Even here, there are ominous touches. The fashion designer offhandedly mentions that her scissors keep disappearing. One painter confesses an obsession with another artist’s face, while another notes that the lucrative residency offer, coming out of nowhere, initially made her suspicious that she was packing up to join a cult. Cheung, unobtrusively, wafts in and out of the action, the filmmaker’s mission to document her time at The Locker Room gradually morphing into a meta-fictional sort-of horror story, as things start to get weird.

None of this is to say that “Residency” is some sort of glossy, “Scream”-style exercise in horror movie cleverness. Indeed, the film is often so diffuse in its fly-on-the-wall vérité style that it serves as a fine calling card for the real-life artistic conclave where it’s set. As a participant in the goings-on at The Locker Room, Cheung’s gradual decision to layer a woozy horror genre switch onto the proceedings figures into the narrative (such as it is). Asking one musician to pause her construction of a ramshackle percussion array of pots and pans to pretend she’s hurt herself is met with awkward skepticism, while Cheung can be heard asking a fellow artist, “Hey Rachel, do you want to die on film? How do you want to die?” (At one point, she can be heard complaining, “Yeah, there’s not enough drama. We need something dramatic to happen,” which might be some viewers’ assessment, admittedly.)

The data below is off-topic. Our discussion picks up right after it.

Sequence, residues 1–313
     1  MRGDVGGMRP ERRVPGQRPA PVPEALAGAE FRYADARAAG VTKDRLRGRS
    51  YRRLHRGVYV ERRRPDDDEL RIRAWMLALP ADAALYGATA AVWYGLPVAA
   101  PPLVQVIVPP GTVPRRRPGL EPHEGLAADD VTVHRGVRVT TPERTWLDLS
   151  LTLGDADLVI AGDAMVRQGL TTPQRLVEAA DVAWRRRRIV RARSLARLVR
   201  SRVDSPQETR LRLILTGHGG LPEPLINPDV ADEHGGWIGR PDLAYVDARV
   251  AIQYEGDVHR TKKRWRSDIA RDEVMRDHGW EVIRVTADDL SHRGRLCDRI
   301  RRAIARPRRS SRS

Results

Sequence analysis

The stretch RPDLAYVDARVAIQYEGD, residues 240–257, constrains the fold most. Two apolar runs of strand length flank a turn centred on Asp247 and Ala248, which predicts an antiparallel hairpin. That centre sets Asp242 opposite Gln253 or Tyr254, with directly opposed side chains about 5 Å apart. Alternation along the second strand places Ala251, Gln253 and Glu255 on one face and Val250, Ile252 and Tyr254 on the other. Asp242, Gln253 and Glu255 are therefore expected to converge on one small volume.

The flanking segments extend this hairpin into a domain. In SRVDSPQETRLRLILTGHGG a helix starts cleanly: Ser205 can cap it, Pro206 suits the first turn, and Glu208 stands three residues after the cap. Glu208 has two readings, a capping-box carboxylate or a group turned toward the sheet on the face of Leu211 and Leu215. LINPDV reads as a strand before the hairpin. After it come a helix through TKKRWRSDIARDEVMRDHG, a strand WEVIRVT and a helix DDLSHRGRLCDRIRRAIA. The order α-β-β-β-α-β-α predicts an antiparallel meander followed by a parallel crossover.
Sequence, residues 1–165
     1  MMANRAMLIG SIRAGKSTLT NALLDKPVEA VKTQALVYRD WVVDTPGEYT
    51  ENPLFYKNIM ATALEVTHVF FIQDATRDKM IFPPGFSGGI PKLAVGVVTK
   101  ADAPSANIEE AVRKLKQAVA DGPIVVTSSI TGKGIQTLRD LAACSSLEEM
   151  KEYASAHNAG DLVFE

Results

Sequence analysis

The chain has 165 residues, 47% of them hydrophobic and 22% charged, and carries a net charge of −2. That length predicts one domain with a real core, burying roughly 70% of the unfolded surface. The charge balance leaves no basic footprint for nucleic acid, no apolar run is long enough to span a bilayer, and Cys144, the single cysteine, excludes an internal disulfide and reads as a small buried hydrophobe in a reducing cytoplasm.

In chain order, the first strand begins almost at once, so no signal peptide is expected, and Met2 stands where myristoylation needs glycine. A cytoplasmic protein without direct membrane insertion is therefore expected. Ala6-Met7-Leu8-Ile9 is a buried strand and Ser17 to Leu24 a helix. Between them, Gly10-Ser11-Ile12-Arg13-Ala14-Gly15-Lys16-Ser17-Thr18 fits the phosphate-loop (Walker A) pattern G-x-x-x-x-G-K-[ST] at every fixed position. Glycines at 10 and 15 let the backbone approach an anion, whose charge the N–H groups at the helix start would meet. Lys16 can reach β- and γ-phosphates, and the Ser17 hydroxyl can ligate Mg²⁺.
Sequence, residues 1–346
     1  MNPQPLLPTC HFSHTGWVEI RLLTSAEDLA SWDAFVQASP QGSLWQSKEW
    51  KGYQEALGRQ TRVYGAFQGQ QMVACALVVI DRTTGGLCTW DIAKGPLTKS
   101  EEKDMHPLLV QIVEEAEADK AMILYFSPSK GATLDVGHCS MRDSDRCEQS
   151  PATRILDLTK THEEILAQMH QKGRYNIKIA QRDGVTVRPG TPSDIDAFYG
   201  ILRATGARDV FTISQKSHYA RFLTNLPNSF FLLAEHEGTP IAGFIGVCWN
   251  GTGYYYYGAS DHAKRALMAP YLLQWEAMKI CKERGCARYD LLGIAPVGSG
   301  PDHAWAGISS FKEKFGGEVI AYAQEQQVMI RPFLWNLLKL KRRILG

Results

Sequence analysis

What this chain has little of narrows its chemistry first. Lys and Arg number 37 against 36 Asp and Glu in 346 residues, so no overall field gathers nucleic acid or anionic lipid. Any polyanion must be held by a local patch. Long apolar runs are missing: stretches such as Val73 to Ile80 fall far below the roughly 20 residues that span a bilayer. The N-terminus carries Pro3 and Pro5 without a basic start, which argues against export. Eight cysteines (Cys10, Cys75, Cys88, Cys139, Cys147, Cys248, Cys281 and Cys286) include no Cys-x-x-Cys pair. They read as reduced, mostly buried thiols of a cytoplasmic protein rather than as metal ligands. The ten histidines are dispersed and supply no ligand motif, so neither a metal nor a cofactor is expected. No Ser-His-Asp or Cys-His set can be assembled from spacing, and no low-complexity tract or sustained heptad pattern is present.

When the film’s horror elements do kick in for real, the bleed over from grubby, chatty reality to unease flows in intriguing patterns. Art is sabotaged, work disappears, and then people, the Locker Room’s free-flowing nature making sudden absences hard to evaluate. The three-woman experimental rock band (2C-B, who are pretty awesome) find themselves unable to stop, doing take after take of their unnerving new material. Along the way, there are snatches of half-heard dialogue about possession, the Illuminati and other spooky outside things, the film’s metaphorical exploration of the perils of losing oneself in artistic ambitions summed up by one house employee advising of the space’s unique power, “You have to let it move you and consume you – you just have to surrender to it.”